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mongolian_beliefs

Tengrism in Mongolia

The traditional religion of Mongolia is Tengrism, a shamanic faith shared by a number of Eurasian steppe cultures. Its major deity, Tengri of the eternal blue sky, is a supreme creator being who sees and understands all things. Lesser gods like the Earth-Mother, Eje, and ancestral spirits are also worshipped. Tengrism emphasizes spiritual harmony with the universe and nature. People find happiness and meaning by leading virtuous lives within their society. In the same way, a virtuous ruler passes prosperity on to his subjects. Shamans work and negotiate with the gods and spirits, though regular people may conduct sacred rites as well.

Religious Diversity in the Mongol Empire

Genghis Khan practiced Tengrism and attributed his success to Tengri, but the empire he founded was known for its religious tolerance. The shamanic faith did not need to convert other populations, and it taught that any righteous person could find favor in Tengri. The Mongols’ respect for the customs of conquered nations allowed them to rule over Muslim, Buddhist, Christian, Taoist, Jewish, and Confucian subjects, among others. Citizens of all faiths served in Mongol courts as advisers and bureaucrats. Emperors like Kublai Khan even hosted debates between scholars from different religions. Kublai was known to admire Buddhism, Confucianism, and Christianity in particular. In 1295, the leader of the Middle Eastern Ilkhanate, Mahmud Gazan, converted to Islam. Buddhism and Islam proved especially popular throughout the empire.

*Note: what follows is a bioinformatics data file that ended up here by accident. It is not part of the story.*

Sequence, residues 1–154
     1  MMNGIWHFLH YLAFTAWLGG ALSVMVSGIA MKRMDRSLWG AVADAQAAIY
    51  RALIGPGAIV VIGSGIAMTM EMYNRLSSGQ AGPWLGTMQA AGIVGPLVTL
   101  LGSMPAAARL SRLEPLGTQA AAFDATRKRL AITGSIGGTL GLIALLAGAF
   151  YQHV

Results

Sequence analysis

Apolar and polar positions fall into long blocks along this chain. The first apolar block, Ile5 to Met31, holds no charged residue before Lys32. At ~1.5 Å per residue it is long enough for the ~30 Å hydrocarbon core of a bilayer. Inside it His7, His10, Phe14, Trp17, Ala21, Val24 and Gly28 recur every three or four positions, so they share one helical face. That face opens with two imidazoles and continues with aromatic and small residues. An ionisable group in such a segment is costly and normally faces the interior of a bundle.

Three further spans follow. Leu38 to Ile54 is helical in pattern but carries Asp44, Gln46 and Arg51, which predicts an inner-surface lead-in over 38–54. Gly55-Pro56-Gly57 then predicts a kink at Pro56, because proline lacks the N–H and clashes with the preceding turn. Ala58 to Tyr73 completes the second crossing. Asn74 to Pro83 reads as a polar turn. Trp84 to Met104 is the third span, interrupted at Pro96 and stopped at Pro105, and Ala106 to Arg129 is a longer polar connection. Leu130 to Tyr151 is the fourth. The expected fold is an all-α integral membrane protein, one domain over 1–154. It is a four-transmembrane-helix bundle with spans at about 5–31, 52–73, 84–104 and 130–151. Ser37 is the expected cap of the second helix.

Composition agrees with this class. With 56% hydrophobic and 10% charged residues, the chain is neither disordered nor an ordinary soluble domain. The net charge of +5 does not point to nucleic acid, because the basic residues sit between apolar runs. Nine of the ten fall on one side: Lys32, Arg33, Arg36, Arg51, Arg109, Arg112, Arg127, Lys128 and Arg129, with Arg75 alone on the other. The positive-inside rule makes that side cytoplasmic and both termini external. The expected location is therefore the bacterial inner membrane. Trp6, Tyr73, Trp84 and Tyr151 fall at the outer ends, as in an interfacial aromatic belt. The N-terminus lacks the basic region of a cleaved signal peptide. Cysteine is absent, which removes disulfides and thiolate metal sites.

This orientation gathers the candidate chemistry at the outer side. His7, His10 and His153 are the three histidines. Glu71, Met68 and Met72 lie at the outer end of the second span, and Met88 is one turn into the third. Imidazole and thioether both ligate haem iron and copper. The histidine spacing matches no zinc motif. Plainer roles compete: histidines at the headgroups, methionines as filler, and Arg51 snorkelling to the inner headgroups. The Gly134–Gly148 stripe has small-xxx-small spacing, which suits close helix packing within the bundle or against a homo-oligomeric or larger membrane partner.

Buddhism and Modern Worship in Mongolia

Mongol rule in China ended in 1368 with the fall of the Yuan dynasty. In time, Mongolia itself came under the control of Qing China. During this period, Tibetan Buddhism became its most popular religion. Buddhist monasteries, once nomadic as well, grew to be the major power centers of Mongolia. They offered education and community in Mongolian society, and about a third of men joined their ranks as lamas. Tibetan Buddhism shrank during the socialist era, sometimes by violent repression. Buddhism has seen a recent surge in popularity in Mongolia today, alongside a new appreciation for its ancestral shamanism.

According to the CIA World Factbook, the current religious makeup of Mongolia is as follows:

  • Buddhist: 53%
  • None: 38.6%
  • Muslim: 3%
  • Shamanist: 2.9%
  • Christian: 2.2%
  • Other: 0.4%